Is there anything you can do when your adult child drinks too much?
Parents who think their young adult children are problem drinkers are in a difficult place. First, they generally don’t want to believe their child has a serious problem. Secondly, by the time they realize they should reach out for help, most parents have already gone through many cycles of “crisis-rescue-new crisis” with their children.
If the parents reach out to Alcoholics Anonymous, they are often guided to attend Al-Anon, a support group for people whose lives have been affected by another person’s drinking.
Do I really need a Twelve-Step program?
I know, you are looking for help for your kids drinking and hearing that someone is suggesting you go to your own group meetings can be frustrating. But Al-Anon is a group of people who are worried about someone with a drinking problem, just like you. They share what they’ve tried, what’s worked and mostly – how to take care of yourself when someone’s drinking is causing you problems. Al-Anon is also geared toward helping alcoholics’ loved ones accept circumstances they often can’t change. This doesn’t mean you give up trying to help, but that you learn to take care of yourself in the process. When problem drinkers enter a recovery program, their chances for success are improved when their family members are involved!
It’s undeniably difficult to watch a child struggle with a serious drinking problem. Some parents secretly fear that they’ve caused the problem. Some may also worry that if they don’t help, their child may die – this is a valid worry. “It doesn’t matter how old he was—as a parent I thought that I should be able to fix it and take care of him,” says Ellen, an Al-Anon member interviewed on the “First Steps to Al-Anon Recovery” podcast. “I wasn’t able to do that.” Al Anon members often say, “You didn’t cause it, you can’t cure it”.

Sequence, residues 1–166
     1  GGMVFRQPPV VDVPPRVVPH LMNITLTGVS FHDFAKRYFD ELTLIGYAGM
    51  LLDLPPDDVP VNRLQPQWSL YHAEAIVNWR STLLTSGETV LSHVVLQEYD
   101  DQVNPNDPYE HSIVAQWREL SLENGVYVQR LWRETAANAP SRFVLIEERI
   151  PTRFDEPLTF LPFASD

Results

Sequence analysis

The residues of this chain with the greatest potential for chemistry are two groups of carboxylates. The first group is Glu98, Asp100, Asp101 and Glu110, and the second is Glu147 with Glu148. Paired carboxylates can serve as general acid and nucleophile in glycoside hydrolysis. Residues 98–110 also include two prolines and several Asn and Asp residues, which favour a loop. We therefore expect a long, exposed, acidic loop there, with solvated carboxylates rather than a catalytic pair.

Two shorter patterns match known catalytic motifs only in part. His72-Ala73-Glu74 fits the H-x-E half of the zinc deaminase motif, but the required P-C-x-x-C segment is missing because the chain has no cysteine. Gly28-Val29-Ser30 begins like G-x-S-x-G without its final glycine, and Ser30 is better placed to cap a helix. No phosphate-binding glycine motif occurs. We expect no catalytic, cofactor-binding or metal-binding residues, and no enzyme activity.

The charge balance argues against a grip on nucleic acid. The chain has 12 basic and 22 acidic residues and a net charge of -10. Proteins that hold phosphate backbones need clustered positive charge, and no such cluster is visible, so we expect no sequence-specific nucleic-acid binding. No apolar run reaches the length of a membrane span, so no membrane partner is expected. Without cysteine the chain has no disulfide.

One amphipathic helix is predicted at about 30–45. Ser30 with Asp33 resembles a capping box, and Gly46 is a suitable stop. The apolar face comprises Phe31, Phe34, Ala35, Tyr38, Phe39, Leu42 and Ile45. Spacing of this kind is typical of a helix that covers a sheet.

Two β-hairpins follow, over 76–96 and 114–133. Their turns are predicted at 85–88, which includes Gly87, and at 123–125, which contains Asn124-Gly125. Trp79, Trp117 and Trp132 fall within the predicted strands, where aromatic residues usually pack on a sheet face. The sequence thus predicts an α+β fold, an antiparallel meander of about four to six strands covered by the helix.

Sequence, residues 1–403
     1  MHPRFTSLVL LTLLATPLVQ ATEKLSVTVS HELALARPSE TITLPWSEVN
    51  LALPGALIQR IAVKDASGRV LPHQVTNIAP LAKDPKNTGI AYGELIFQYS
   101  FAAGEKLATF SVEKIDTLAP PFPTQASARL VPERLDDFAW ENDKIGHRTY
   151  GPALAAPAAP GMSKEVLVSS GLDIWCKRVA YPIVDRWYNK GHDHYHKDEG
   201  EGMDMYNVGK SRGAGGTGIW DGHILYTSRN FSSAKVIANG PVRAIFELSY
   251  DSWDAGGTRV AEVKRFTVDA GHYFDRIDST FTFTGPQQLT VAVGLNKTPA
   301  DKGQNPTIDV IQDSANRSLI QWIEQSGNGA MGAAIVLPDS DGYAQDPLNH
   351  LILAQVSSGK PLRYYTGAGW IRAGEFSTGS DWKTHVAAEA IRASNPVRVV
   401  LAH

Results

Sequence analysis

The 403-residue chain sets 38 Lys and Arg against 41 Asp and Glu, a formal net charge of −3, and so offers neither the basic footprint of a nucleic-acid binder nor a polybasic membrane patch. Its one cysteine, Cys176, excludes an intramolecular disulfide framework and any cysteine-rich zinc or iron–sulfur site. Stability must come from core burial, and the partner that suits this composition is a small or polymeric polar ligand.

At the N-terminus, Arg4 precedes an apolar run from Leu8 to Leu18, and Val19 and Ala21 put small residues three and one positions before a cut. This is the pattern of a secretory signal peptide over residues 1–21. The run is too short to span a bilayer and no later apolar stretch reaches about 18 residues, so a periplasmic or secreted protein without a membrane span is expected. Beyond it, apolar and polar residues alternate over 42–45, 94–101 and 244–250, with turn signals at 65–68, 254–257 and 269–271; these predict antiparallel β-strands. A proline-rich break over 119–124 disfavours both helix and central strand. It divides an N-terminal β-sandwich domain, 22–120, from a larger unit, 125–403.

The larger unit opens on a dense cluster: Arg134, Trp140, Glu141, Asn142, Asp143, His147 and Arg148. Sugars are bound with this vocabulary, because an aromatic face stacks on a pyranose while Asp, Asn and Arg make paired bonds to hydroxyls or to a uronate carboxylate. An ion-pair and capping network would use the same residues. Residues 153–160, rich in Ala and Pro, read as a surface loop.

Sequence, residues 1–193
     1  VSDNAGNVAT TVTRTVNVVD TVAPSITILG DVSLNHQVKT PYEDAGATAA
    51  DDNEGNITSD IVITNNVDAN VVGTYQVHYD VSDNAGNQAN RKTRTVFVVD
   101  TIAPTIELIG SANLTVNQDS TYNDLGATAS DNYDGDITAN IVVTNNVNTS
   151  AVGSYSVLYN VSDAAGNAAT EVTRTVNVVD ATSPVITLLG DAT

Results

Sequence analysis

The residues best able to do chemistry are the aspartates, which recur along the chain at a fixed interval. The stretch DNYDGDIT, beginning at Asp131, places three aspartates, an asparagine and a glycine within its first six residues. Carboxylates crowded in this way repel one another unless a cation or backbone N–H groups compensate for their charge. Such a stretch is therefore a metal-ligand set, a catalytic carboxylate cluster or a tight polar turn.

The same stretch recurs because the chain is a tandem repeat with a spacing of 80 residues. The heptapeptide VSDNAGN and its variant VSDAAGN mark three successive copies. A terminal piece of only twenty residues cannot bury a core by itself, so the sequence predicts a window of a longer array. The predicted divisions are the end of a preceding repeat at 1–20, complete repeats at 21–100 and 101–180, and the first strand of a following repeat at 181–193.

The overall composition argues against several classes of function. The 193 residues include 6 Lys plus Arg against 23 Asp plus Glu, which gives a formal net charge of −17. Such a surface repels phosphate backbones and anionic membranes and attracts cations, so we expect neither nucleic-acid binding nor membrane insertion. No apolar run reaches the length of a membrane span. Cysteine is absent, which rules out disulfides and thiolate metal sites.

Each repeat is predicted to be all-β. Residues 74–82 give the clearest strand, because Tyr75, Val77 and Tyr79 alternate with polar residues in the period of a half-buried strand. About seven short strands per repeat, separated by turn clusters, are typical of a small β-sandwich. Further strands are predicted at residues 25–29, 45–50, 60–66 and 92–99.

Ways you can help
You can’t make a child get sober, but you can talk to them and influence them, writes Suzanne Degges-White, PhD, in Psychology Today. Interventions can be effective in letting the son or daughter see how their drinking affects everyone in the family and in helping the rest of the family start to move forward in their own recovery, Degges-White writes.
She offers a few other suggestions for parents of alcoholic children:
- Buy them a bag of food instead of giving them money, if you are afraid they aren’t eating.
- Offer to help them find support services, but don’t blame yourself if they don’t use the services.
- Remember that you can’t rescue them and that they are adults with autonomy.
Al-Anon member Joe, who was also interviewed on the First Steps to Recovery podcast, offers one more suggestion:
- Remember that recovery is one day at a time.
Support, without enabling
“When (my son) came out of the rehab, I said to him, ‘You’re cured now. Don’t ever come back with a drink or a drug or you’ll be thrown out of the house,’” Joe says. “As I realized that alcoholism was only arrested a day at a time, I took back those words. And I was able to say, ‘If you ever need help, come to me first.’”
Al-Anon emphasizes that problem drinking is an illness that affects everyone in the family. “The overwhelming fear and gut-wrenching pain that I experienced as a mother was like nothing I had ever experienced before in my life,” Al-Anon member Sharon says on the podcast. “Al-Anon taught me to detach with love.”
Don’t let addiction tear your family apart. Help is right around the corner – in your neighborhood. Call or text today 1-800-RECOVERY.